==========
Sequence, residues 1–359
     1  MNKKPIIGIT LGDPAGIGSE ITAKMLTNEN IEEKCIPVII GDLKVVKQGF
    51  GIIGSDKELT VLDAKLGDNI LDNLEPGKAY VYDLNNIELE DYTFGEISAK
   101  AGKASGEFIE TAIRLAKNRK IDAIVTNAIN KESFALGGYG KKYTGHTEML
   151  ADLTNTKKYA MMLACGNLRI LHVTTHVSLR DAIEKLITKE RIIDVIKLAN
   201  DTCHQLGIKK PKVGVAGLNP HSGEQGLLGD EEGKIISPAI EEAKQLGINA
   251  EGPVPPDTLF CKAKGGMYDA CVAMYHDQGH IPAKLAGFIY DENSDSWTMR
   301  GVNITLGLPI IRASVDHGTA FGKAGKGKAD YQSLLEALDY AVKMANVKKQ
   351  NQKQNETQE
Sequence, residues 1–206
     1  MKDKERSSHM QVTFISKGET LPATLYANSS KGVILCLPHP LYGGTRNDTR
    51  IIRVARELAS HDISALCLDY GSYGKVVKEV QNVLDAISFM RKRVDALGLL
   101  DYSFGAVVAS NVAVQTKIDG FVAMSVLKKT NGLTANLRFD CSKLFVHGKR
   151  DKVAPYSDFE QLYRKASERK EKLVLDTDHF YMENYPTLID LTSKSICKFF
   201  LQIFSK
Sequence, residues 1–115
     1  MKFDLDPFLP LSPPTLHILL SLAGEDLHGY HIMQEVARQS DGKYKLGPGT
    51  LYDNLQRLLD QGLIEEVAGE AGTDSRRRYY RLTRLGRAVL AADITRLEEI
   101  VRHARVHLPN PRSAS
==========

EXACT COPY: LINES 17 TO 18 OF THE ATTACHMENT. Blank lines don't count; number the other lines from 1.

     1  MKFDLDPFLP LSPPTLHILL SLAGEDLHGY HIMQEVARQS DGKYKLGPGT
    51  LYDNLQRLLD QGLIEEVAGE AGTDSRRRYY RLTRLGRAVL AADITRLEEI